State Rep. C.D. Davidsmeyer, R-Jacksonville, speaks during a House Executive Committee hearing over Zoom on Tuesday. Blue Room Stream
State Rep. C.D. Davidsmeyer, R-Jacksonville, speaks during a House Executive Committee hearing over Zoom on Tuesday.

The House committee also heard from others, including Bob Gilligan, executive director of the Catholic Conference of Illinois, who said “we’re concerned that if you restrict conscience rights for COVID Well, what’s next? … Power given to the government is seldom returned.”

Gabel told the Sun-Times she’s received a “gazillion” comments ranging from calls from people swearing at her or telling her to “go f—” herself or other rude comments to threat, since filing the amendment Monday.

While she has a history of carrying controversial bills, Gabel said she’s never “received these kinds of threats before.”

State Rep. Robyn Gabel meets with the Sun-Times Editorial Board in 2018. Rich Hein/Sun-Times file
State Rep. Robyn Gabel meets with the Sun-Times Editorial Board in 2018.

That includes one she received from a man on social media who said if the measure passes, the citizens of Illinois “will be waiting to give you, the Governor, and each and every State Legislator that voted to pass the amended law a medical procedure against your own consent.”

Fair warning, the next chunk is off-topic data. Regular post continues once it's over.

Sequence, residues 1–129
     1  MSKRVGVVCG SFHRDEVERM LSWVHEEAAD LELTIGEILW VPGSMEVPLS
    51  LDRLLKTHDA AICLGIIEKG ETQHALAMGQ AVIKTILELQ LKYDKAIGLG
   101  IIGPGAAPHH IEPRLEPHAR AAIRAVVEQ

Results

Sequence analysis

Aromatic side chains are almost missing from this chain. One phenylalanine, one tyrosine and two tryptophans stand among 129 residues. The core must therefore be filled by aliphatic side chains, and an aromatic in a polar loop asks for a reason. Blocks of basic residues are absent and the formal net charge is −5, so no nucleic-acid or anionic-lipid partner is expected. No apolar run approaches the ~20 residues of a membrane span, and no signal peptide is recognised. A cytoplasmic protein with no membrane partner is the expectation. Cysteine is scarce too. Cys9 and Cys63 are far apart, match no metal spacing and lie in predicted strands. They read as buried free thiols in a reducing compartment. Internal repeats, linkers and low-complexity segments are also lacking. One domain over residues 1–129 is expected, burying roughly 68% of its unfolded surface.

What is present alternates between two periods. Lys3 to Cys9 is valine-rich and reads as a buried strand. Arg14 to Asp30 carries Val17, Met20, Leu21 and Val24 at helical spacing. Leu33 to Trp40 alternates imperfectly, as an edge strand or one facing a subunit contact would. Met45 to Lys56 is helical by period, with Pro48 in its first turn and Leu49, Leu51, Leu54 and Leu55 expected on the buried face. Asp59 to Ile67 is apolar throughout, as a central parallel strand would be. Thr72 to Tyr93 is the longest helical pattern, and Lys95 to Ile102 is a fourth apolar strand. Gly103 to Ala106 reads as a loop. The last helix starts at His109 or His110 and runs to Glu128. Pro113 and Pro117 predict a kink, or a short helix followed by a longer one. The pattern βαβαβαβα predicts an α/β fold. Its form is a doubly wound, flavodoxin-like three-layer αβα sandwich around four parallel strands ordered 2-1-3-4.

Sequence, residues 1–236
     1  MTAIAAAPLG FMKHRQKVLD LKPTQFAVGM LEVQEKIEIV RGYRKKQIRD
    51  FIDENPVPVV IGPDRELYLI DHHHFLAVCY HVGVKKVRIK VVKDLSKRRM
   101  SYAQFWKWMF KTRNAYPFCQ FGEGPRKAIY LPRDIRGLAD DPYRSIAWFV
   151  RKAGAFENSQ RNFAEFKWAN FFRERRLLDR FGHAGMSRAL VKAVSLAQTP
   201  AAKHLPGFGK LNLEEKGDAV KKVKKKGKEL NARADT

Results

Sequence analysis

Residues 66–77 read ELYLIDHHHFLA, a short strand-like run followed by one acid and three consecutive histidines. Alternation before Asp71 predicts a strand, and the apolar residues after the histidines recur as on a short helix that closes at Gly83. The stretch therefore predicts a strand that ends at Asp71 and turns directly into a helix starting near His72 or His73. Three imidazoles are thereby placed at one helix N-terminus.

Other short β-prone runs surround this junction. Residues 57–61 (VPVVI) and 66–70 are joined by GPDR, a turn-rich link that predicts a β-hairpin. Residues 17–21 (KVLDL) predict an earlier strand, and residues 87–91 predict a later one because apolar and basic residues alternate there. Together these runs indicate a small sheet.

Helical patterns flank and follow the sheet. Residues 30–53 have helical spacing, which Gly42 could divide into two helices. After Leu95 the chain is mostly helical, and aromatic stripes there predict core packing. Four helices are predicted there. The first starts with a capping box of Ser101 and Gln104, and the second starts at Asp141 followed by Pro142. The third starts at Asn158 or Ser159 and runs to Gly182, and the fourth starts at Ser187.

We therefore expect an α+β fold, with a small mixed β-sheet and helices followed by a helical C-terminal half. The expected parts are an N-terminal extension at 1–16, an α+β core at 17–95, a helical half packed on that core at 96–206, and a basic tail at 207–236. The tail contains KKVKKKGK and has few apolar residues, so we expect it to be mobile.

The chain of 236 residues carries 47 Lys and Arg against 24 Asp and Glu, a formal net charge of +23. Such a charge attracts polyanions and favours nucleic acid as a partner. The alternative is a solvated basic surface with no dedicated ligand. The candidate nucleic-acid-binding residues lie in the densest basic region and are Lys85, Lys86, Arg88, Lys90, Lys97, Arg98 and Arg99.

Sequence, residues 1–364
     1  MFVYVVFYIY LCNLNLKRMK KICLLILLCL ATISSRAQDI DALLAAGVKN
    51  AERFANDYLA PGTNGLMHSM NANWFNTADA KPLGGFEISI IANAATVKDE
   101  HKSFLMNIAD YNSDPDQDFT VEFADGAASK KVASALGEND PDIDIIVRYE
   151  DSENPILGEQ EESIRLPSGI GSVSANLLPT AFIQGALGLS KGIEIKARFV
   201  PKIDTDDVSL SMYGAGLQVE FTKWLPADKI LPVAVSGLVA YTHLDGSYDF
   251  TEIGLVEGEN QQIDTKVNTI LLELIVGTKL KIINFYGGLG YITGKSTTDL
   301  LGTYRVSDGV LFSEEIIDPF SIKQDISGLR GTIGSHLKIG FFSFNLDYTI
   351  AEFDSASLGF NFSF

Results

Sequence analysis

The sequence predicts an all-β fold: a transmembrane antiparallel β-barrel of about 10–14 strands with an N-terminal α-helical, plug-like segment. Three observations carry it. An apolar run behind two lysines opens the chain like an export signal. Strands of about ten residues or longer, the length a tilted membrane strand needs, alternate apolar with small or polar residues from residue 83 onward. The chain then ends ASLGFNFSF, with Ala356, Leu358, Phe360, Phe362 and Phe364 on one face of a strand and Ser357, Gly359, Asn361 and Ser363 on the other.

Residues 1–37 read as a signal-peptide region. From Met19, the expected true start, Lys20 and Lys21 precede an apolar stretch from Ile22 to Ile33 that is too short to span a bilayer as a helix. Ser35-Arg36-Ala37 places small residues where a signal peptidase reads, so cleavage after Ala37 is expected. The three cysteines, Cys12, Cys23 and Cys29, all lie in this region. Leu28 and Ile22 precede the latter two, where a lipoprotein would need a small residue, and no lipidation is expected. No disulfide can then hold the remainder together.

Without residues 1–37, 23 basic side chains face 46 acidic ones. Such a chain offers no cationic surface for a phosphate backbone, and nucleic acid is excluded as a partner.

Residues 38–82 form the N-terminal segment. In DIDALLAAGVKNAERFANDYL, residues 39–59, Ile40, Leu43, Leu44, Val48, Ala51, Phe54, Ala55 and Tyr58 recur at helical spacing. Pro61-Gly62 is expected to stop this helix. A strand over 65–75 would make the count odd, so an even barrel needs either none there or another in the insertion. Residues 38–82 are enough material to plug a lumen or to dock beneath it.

“What’s good for the goose is good for the gander right?” the man wrote. “You are pushing for Rape by Needle.”

Gabel said the threats and calls are “kind of terrifying.” She blamed an “organized effort to spread this misinformation.”

“Sometimes people forget the context of this whole bill and what we’re talking about, and I really want people to understand that we are still very much in a deadly pandemic, and that a small minority of people should not be allowed to utilize a loophole that was never intended to stifle efforts to combat a global pandemic,” Gabel said.

Despite the division, the measure passed out of committee nine to six and advances to the House floor.